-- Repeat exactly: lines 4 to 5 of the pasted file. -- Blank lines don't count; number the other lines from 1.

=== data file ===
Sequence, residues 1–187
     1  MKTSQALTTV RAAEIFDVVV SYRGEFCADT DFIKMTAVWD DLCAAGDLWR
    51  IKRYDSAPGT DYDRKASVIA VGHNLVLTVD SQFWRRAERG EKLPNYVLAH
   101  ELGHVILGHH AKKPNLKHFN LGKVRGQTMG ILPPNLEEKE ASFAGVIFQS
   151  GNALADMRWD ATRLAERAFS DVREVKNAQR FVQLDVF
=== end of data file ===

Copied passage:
   101  ELGHVILGHH AKKPNLKHFN LGKVRGQTMG ILPPNLEEKE ASFAGVIFQS
   151  GNALADMRWD ATRLAERAFS DVREVKNAQR FVQLDVF